The Covid-19 pandemic meant lockdowns galore over the last three and a half years.
With many of us ‘trapped’ inside – sometimes for weeks on end.
The Covid-19 pandemic meant lockdowns galore over the last three and a half years. With many of us ‘trapped’ inside – sometimes for weeks on end. For many, anxiety and depression decided to rear their ugly heads. The comfort of ‘staying home’ was lost, turning into a form of ‘wellbeing imprisonment’. Many of our social connections and everyday lives became virtual. Uber Eats, Netflix, and Facetime were thriving, while the rest of us began slowly suffering. The importance of ‘getting out’ became very clear.
Travel, especially overseas travel, was halted. The impact on airlines, pilots and stewards was detrimental. 2023 and the ‘success of vaccines’ saw many countries and state borders reopening. Many of us were eager to ‘get out’, taking any chance we could get. So, when I was offered the chance for international exchange and a student Visa in Indonesia; I packed my little Australian life into a suitcase, grabbed my passport and jumped on the NYE flight to Jakarta.
My well-being was great in Australia. My building had a gym, pool, and sauna that I took advantage of – not only to stay fit, but to maintain my mental health too. Melbourne lockdowns were no more, so social lives and environmental well-being were no longer compromised. My university even provided free counseling services meaning that it wasn’t until my eighteen-hour flight, and seven-hour layover in Singapore, that I noticed my well-being changing.
I am a long-legged, six-foot-two man, with broad shoulders. It sounds like the jackpot until you get me into an economy flight seat. My 22:00 PM, NYE flight was delayed until 23:30 PM. Instead of the NYE Countdown, I was ‘counting down’ to when I could sleep. But I had the unfortunate spot of the middle row, aisle seat. With the man in front of me fully extended backwards, the women next to me using my right shoulder as her headrest, and my left shoulder extended into half the aisleway – I was bumped by every cart and passer-by.
The New Year’s countdown we hoped for, never came. And the airline left the lights on until 02:30AM; aggressively turning them back on at 4:00AM. I managed a total of 15 uncomfortable minutes of shut eye in my 10.5-hour flight to Singapore. Arriving at 03:00AM Singapore time, my flight to Jakarta wasn’t until 10:00AM. Desperate for a coffee, food, and a charge of my gadgets, I found a Starbucks and a convenience store that sold UK travel adaptor plugs. Traveling solo and being my first time in Asia, I was too anxious to sleep on the airport floor. After seven long hours of streaming trash TV and recycle-listening to the albums downloaded on my Spotify; I boarded my plane to Jakarta.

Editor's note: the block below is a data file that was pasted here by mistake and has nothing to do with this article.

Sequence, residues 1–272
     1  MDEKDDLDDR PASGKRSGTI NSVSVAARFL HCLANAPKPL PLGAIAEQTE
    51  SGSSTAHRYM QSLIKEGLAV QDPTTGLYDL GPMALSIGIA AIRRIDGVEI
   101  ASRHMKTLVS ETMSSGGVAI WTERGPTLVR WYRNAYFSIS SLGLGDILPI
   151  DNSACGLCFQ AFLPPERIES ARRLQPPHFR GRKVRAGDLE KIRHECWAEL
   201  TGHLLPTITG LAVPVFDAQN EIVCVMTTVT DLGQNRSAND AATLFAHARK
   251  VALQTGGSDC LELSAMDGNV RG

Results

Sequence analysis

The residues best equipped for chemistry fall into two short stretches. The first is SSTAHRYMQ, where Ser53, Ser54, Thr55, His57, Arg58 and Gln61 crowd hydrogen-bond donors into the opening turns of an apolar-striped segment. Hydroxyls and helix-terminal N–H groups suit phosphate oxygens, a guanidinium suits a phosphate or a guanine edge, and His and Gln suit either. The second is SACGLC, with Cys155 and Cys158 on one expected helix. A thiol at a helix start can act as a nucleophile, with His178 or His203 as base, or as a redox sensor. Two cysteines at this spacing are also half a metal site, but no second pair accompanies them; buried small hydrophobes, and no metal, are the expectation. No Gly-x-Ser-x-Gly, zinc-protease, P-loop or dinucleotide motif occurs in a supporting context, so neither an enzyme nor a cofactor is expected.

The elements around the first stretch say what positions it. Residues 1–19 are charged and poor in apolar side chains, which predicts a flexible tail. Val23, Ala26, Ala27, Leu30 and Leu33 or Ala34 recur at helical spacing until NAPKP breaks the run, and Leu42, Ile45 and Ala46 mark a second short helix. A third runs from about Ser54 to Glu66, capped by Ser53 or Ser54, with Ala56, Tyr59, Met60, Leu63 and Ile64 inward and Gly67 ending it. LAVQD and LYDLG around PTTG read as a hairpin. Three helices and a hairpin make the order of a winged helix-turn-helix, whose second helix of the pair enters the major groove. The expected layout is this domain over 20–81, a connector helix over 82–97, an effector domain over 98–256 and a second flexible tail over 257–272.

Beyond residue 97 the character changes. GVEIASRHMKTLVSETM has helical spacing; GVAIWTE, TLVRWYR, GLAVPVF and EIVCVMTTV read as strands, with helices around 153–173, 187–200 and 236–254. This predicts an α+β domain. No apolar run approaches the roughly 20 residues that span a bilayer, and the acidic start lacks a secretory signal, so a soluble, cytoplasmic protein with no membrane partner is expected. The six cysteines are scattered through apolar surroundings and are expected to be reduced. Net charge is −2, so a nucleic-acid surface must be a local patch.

Looking like a long-haired, blonde Aussie surfer, getting through customs can be tough. I mean one look at the Australian party-animals in Bali, and you understand why. After many questions about my studies and motives in Jakarta, and double checks of my travel documents – I finally left the CGK airport. One step out of the terminal doors, and I was bombarded by eager Bluebird drivers and Gojek drivers. With less than an hour’s sleep in 30+ hours, I wasn’t ready for the intimacy of a motorbike or taxi ride. One SkyTrain, a Rail Link and a short walk later, I arrived at my Kos. I checked in, showered, turned on the A/C then passed out from 5:00PM to 8:00AM.
It wasn’t until the next day that the ‘culture shock’ truly hit me. Determined to eat my first meal in 20+ hours, I headed for the nearest mall (20 minutes away). Without a working sim card or any knowledge of the area, I quickly looked up the walk, screenshotted it, and hit the road. Standing out like a ‘sore thumb’, every local I passed – as I walked through the lively streets filled with homes, small businesses, Indomarets and cats aplenty – had something to say. Most of which I, as an English speaker, could not understand. Reaching the mall, I stopped at the first Café for a frappe coffee and a Bahn Mi – for a fourth of the Australian price. It was at this moment, alone in the mall surrounded by a language I could not understand, that anxiety said hello again.
Two weeks later, I am a lot more settled in. Anxiety mostly at bay. I have realized the importance of maintaining wellbeing, especially when abroad. The incredible food, cats and Indonesian people help. But an active sim card, regular contact with home and counseling services, ClassPass, GrabFood, walks through the town, engagement in familiar hobbies and weekend trips are what ultimately make the difference. It takes more than just ‘being’ to stay ‘well’ abroad.